The Good Life on a Shoestring

Like most people, I spend the cold months eating richer foods and drinking heavier wines. And while I’m a huge fan of stick-to-your-ribs comfort dishes and all those heavy reds that pair so perfectly with them, there’s only so much my liver and I can take. High-octane wines have their place, but I just don’t enjoy them when the mercury starts to climb.

Which is why now is the perfect time to head on over to the state store or wine shop and stock up on pinot noir. For the money, there’s just nothing better this time of year. It’s light-bodied and somehow refreshing, it has higher acid levels and lower tannins than most other reds and its alcohol tends to be moderate, perfect in this blissfully warm weather we’re finally enjoying.

Its flavors are nothing short of extraordinary. Whereas so much of the wine people drink these days is all about the fruit and the alcohol-anything made by Yellow Tail, for example-good pinot noir tastes like nothing so much as red berries, mushrooms, damp earth and maybe even the faintest hint of rose petals. It’s more subtle than obvious, more flirtatious than easy – Ingrid Bergman, perhaps, as opposed to Marilyn Monroe.

The problem is that good pinot noir tends to be expensive. Although you can find a great bottle of most wine for around $10, a decent pinot will set you back $20 and often more. But don’t feel as if you’re being taken for a ride: Pinot noir is more expensive because the grapes are a headache to grow and the process of turning them into wine is fraught with risk and difficulty. The good news, though, is that a great bottle of pinot can be nothing short of life changing. And you can’t put a price tag on that.

If you’re in the market for a life-changing wine experience, you’re in luck. Brasserie Perrier will be hosting a wine dinner on May 8th, which will feature one of the best wine producers in the country, Flowers. Five of their wines, including two fabulous pinots, will be paired with five courses created by executive chef Chris Scarduzio. It’s $140 and well worth the money.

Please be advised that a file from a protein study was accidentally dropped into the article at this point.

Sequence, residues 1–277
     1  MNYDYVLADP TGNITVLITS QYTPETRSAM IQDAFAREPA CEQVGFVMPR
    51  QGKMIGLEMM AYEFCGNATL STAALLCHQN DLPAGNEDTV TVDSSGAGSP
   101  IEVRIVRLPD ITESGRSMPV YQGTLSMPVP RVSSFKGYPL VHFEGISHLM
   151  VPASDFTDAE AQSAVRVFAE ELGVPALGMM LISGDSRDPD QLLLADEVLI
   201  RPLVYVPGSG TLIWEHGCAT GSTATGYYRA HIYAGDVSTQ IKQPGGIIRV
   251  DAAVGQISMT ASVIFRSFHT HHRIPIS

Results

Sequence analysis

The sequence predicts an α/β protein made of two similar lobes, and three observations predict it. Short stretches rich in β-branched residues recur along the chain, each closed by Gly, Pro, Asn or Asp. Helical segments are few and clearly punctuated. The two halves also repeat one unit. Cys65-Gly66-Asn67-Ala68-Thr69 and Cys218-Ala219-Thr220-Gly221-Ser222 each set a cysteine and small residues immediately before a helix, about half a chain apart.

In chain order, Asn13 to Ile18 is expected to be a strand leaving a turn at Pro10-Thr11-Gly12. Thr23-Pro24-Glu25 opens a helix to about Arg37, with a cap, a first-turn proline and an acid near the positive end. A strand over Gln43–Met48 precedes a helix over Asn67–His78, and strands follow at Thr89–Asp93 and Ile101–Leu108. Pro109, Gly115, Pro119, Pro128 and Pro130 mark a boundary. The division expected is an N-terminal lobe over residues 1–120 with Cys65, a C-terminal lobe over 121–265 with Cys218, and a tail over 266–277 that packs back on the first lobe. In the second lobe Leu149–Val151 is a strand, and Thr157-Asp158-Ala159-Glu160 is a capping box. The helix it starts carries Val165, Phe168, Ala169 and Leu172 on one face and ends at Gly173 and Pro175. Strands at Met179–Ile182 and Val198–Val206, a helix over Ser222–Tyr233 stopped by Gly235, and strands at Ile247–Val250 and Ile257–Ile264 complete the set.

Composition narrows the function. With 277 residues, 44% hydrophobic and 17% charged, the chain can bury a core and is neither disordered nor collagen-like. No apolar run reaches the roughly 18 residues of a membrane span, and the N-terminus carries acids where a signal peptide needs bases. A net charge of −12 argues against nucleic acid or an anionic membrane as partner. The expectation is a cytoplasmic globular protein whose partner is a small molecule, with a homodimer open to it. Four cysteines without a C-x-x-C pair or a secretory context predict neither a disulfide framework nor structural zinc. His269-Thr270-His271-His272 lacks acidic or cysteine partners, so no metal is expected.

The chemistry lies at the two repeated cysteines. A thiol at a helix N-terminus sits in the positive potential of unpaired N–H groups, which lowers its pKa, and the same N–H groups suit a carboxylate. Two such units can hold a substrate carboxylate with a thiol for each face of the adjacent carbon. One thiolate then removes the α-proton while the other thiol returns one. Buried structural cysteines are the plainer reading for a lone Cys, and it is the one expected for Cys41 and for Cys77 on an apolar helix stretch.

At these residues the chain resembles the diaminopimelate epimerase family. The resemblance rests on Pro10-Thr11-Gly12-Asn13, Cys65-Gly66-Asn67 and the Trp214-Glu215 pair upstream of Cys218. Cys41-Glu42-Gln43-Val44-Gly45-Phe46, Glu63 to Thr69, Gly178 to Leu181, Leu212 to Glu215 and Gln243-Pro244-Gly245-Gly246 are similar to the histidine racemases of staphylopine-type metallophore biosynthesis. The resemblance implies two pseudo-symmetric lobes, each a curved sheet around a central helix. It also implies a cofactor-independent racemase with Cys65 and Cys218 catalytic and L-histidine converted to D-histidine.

Then there’s the Philadelphia Wine Festival this Friday, where for $125 you’ll be able to taste more fabulous wine than you ever thought possible. As for the pinot noir that’ll be poured, look for the 2005 Felton Road (New Zealand), the 2002 Iron Horse (California) and the 2004 Argyle Reserve (Oregon). They are not only delicious, but they won’t burn a hole in your wallet if you chose to pick up a case or three.

Just make sure you chill down your bottle of pinot to 60 or 65 degrees – a quick stint in the fridge should do the trick. It’ll taste brighter, fresher and a whole lot more exciting than if you drank it at room temperature. And while you’re waiting for it to cool down, toss a few lamb chops on the grill (grill-pan if you live in an apartment) or run to the store and grab a few roasted chickens. Then open the bottle, dig in and wait for your life to change.

AroundPhilly Staff

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